• Household expenses were dramatically less in June because we moved house at the end of May and so I had less utility bills for my old house, and not all bills had started for the new one. Things will start to get back to normal in July
  • My car insurance was due in April which came out of my Savings Stash, but due to the house move I then had to pay more when I changed my registered address. Strangely the insurance is more expensive at our new house than at my old house which was on a busy road near a roundabout
  • I had some rare spending on clothes in June because I started playing badminton again and realised that I needed new kit to wear (my old sports clothes were long gone)
  • In April I went to the hairdressers to get my hair coloured and re-styled. Since it's quite expensive at my current salon, I only go about 3 times a year and I save up for it in my Savings Stash. I may try to find a cheaper salon in the coming year
  • Now that we're in our new house we've had some office and bedroom furniture to purchase. TheBF works from home so it's important that we have an office that he can work from. I have a personal aspiration to start working from home permanently within the next couple of years so I wanted to make sure that I also had a nice desk to base myself at. I used my Savings Stash to cover my portion of this one-off expense, and we're both very happy with the end results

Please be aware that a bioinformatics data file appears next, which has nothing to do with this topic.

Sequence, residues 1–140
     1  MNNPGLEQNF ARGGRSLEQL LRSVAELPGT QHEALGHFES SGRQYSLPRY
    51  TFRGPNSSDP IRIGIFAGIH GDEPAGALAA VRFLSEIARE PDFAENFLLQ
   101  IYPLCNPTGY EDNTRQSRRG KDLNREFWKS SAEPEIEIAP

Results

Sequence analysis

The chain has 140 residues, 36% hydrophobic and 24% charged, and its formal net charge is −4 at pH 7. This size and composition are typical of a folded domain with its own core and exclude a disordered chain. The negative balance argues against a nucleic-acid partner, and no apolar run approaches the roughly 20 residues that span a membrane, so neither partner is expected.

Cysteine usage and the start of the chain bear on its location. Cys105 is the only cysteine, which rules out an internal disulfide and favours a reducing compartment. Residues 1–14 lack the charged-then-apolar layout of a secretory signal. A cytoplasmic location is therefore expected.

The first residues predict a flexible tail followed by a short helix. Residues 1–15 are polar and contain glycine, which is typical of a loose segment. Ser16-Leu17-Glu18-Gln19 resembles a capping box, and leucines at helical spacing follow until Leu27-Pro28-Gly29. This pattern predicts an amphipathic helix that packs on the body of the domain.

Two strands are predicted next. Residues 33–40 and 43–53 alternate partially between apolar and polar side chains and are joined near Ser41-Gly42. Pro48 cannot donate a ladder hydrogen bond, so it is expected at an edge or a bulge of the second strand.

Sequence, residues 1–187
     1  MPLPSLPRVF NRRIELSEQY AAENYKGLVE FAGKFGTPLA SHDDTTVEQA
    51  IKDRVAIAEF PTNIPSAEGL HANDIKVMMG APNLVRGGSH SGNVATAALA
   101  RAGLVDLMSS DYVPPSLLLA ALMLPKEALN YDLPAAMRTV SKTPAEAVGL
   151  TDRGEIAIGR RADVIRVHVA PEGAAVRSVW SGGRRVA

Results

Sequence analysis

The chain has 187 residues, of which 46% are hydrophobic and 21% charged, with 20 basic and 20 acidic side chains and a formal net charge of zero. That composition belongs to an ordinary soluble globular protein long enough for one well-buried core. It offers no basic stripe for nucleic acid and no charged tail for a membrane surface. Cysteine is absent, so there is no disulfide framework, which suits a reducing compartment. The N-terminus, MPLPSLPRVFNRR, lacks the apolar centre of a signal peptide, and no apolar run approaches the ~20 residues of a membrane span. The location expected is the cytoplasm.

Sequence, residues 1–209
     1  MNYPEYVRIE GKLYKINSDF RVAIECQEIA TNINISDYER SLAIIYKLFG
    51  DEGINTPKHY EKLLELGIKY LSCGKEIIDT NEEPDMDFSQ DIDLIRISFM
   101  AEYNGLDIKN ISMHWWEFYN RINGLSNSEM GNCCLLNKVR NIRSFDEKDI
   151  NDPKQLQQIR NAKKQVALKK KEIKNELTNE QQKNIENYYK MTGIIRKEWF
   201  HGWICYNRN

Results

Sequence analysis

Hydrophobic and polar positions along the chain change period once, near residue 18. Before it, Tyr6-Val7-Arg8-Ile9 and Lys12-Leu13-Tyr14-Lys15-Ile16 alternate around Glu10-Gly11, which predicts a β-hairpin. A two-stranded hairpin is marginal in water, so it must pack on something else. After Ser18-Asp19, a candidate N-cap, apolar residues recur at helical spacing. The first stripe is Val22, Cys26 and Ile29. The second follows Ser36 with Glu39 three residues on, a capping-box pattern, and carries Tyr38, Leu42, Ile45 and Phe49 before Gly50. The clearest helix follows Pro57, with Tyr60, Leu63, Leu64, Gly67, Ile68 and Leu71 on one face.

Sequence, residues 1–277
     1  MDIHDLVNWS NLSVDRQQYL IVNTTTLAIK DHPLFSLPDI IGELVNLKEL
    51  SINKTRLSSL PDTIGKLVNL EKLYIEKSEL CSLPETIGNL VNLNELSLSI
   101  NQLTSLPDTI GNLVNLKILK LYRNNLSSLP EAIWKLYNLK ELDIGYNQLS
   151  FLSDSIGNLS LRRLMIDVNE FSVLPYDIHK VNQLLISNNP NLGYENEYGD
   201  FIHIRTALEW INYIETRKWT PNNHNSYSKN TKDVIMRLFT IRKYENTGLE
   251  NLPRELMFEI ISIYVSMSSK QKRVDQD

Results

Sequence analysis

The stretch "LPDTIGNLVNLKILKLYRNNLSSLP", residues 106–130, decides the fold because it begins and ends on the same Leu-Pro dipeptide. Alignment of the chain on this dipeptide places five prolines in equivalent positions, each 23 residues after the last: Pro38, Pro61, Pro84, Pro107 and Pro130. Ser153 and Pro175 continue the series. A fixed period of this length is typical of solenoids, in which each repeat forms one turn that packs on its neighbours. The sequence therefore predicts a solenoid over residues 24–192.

• I've begun experimenting with income generating activities since my time off earlier this year. These have involved a certain amount of investment up-front to get me going. The two I've tried so far are Kindle publishing and Matched Betting

Here's the split of how my expenses were covered from my Savings Stash (highlighted in yellow above) and from my monthly income:

Savings - Apr to Jun 2016
Subtracting my expenses (excluding expenses covered by the Savings Stash) from my income for each month I can see what I've got left to save into my Savings Stash and Freedom Kitty:

So my overall percentages of income saved each month are 48.73%, 64.22% and 77.39% respectively.

In terms of my savings rates into my Freedom Kitty (which will fund me in the 7 years between becoming financially independent at age 50 and being able to withdraw my personal pension at age 57), this is where I feel there is room for the most improvement. April and May were particularly low at 12.93% and 10.51% respectively, I think this is due in large part to going through the house move process where we spent more money on eating out for convenience, as well as various house related expenses.

My 2016 monthly target for savings into my Freedom Kitty is £1,000 per month. I'm pleased that I managed to exceed this target in June, but my monthly average to-date is £839.27 so I have some catching up to do if I'm to successfully meet this target for the year.

My Savings Stash usage looks like this for the 3 months:

So that's a pretty big catch-up, and I think this particular post has taken me the longest to write of all the posts I've done so far! I'm pleased to have done it though because I would like a history of my progress to look back on, as far as I'm concerned it's time well spent.

Do you track income, expenses and savings? If yes, how's it going for the year?